Cliona

Cliona are commonly called boring sponges. These sponges mostly live on reefs and lagoons. They make a hole in calcareous rocks, shells of molluscs and limestones. They are found at the base of the hole as a lump and sometimes grow over it. They are commonly found in oysters and cause great damage to the pearl industry.

Cliona Classification and Examples

Cliona is classified under the phylum Porifera. They belong to the class Demospongiae, characterized by the skeleton of spongin fibres, siliceous spicules or both.

Kingdom

Animalia

Phylum

Porifera

Class

Demospongiae

Order

Clionaida

Family

Clionaidae

Genus

Cliona

The common species of Cliona are:

Cliona celata – red boring sponge

Cliona viridis – green boring sponge

Cliona Structure and Characteristics

  • Cliona are found in lagoons and reefs. They form big colonies and excavate calcareous substratum to which they are attached
  • They are commonly found in mussel beds and oyster
  • They are yellow, orange or green in colour. The colour is due to dinoflagellates (zooxanthellae) present in them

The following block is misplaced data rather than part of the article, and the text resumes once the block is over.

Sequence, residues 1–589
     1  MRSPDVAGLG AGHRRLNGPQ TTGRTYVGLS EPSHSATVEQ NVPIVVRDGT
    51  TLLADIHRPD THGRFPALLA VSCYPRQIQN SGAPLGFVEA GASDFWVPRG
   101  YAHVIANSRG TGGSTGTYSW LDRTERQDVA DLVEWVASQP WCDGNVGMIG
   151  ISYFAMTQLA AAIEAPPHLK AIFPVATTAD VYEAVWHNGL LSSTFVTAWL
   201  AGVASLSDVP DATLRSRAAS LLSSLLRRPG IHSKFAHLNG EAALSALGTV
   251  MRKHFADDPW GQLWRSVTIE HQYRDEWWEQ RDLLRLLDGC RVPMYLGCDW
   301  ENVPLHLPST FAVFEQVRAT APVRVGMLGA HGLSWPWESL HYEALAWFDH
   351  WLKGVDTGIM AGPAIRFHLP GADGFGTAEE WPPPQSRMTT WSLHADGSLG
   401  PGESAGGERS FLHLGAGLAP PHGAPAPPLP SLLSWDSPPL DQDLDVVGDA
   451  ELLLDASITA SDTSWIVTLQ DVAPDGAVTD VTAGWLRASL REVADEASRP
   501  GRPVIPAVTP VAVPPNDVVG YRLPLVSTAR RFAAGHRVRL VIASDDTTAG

• The outer surface is smooth, tough and mosaic-like. Beneath the surface, there are galleries excavated by them
  • The skeleton is made up of siliceous spicules and spongin fibres
  • Spicules are megascleres or microscleres. Megascleres are found as irregular and densely arranged tylostyles. If microscleres are present they are raphides
  • The canal system is leuconoid type
  • It aggressively excavates deep in shells of molluscs, coral reefs and destroys them
  • Bore channels are formed due to dissolution of shells and rocks by an acid secreted by them
  • Water gets in through ostioles. Bacteria, protozoa and other small micro-organisms get filtered out
  • Gaseous exchange is through diffusion and water is expelled out through the osculum
  • Reproduction is sexual and asexual
  • They are oviparous but in some of the species such as Cliona celata, eggs are fertilized internally with the sperm that comes with the water flow
  • They are very harmful to shellfish farming and pearl industry

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